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After going through this lesson, you will be able to identify:
Identify guidelines for safe and effective exercise
Identify dietary patterns for optimal physical performance
Now that you have an idea of how much and what kinds of activity you can do to improve your health,
it’s a good idea to consider some key things about safety and nutrition that will help you get the most
out of your exercise. After all, the goal is to improve your health, not hurt yourself!
For example, consider location. You don’t have to go to a gym to get a good workout, but if you
choose to exercise outside, you want to think about your personal safety. Consider going with another
person or at least telling someone where you’re going and about how long you’ll be gone. Wear some
form of identification. Stay in well-lit and populated areas. If you listen to music while you exercise,
make sure you can still hear what’s going on around you. Follow traffic signals and laws to avoid
getting hit by a car. These things might seem like common sense, but you’d be amazed how many
accidents happen because people just aren’t paying attention to their surroundings. We’d all like to
think that, “It won’t happen to me…” but in reality, it’s better to be safe than sorry.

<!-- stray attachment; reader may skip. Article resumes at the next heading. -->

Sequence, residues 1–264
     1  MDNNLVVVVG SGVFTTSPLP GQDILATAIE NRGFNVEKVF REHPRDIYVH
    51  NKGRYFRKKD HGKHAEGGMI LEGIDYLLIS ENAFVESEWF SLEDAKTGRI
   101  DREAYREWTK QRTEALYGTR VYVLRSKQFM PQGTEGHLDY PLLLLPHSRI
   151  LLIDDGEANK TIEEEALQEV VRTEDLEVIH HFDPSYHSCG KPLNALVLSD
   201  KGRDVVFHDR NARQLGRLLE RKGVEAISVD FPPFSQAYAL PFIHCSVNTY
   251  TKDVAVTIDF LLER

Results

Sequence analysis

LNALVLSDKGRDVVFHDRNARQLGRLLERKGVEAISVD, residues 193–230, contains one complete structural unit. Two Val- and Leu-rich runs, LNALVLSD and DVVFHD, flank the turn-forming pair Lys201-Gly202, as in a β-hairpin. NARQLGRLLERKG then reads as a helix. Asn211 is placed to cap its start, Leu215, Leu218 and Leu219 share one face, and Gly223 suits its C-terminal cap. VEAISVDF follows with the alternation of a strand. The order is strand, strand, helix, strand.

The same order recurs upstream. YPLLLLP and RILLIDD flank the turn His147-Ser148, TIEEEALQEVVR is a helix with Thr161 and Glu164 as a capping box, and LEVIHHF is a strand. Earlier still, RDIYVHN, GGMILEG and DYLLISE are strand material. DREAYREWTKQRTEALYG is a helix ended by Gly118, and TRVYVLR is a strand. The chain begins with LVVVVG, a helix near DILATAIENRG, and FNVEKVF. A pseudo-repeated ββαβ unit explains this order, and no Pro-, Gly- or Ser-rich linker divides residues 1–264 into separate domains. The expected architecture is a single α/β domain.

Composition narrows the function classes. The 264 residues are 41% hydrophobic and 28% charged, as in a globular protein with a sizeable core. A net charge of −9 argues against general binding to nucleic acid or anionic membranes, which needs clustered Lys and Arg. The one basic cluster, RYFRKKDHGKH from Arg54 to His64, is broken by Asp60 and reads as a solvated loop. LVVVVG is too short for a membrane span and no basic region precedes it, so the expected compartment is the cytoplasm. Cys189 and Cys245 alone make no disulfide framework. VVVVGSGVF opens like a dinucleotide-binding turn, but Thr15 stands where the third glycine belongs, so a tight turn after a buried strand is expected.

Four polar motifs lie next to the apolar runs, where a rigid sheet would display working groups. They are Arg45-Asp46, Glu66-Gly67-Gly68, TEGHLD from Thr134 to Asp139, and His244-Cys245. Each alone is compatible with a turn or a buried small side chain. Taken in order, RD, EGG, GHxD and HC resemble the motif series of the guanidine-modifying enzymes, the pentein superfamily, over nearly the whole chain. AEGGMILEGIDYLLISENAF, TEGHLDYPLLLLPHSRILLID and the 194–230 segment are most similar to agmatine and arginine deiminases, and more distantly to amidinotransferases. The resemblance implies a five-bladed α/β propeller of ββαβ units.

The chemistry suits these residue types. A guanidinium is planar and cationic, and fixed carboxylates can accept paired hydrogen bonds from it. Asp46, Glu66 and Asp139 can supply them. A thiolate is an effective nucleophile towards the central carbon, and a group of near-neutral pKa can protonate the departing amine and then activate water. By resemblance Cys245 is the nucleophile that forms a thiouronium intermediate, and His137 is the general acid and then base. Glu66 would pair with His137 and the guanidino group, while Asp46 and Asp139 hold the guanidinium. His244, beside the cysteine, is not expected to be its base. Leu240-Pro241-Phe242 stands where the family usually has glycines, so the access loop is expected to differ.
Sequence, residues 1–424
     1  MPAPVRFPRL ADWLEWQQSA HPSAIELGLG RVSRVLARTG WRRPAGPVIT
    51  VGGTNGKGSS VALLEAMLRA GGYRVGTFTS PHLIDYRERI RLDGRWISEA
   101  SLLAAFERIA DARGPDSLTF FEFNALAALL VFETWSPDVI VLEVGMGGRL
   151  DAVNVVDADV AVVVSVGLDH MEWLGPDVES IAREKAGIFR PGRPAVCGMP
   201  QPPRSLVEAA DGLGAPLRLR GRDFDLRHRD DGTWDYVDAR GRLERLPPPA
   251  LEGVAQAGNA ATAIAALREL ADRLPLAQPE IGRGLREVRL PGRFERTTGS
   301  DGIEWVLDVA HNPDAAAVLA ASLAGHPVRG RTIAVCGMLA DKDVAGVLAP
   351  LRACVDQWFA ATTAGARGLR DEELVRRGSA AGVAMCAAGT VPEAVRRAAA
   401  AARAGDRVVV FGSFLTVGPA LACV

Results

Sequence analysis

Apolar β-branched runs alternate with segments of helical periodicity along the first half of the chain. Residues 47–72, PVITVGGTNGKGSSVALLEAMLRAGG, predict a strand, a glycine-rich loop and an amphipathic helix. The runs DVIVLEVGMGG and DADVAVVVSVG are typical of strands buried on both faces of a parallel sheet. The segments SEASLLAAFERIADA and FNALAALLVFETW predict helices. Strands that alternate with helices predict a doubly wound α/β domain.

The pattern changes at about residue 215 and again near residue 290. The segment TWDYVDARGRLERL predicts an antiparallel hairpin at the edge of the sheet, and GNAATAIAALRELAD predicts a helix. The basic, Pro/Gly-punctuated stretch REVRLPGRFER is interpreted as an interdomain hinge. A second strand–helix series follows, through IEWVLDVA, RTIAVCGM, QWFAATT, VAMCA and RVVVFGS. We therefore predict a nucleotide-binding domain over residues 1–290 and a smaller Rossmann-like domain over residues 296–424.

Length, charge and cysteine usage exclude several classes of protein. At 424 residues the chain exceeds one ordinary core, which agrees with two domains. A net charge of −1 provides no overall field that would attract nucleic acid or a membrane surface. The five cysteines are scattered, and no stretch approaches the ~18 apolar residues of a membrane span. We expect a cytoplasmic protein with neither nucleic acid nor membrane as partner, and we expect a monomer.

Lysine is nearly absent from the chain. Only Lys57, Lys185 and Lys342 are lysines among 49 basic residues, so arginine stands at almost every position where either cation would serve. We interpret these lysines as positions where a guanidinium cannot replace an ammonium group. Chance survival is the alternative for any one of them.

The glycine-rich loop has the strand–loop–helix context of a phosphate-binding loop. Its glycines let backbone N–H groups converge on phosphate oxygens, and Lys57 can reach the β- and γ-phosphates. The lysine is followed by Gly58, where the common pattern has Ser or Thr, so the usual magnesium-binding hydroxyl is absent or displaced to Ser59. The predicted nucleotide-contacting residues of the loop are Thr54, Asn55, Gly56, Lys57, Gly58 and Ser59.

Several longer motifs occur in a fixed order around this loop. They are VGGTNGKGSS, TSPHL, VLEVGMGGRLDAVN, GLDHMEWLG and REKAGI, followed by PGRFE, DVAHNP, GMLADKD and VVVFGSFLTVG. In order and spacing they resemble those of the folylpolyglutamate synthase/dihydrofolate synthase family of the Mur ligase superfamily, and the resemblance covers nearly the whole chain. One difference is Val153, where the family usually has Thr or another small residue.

Most healthy young adults can start a reasonable exercise program without any major caution, but if
you have any of the following then you should probably check with a doctor before significantly
increasing your level of activity.
You have asthma, diabetes or heart, lung, liver or kidney disease.
You take medication to manage a chronic condition.
You feel pain in your chest, joints or muscles during physical activity.
You experience symptoms such as loss of balance, dizziness or loss of consciousness.
You have an untreated joint or muscle injury, or persistent symptoms after a joint or muscle injury.
You have arthritis or osteoporosis or have had joint replacement surgery.
You've had a heart attack or have a family history of heart disease before age 55.
You’re a smoker or have quit within the past six months.
You're overweight or obese, or
You're unsure of your health status.
This isn’t to say that you shouldn’t exercise if any of the above apply. It just means that you might
have to consider some more specific safety precautions while exercising. Talking with your doctor
ahead of time, and possibly working with a personal trainer at the begging of your program, can help
ensure that you’re doing what’s best for your body without putting yourself at additional risk.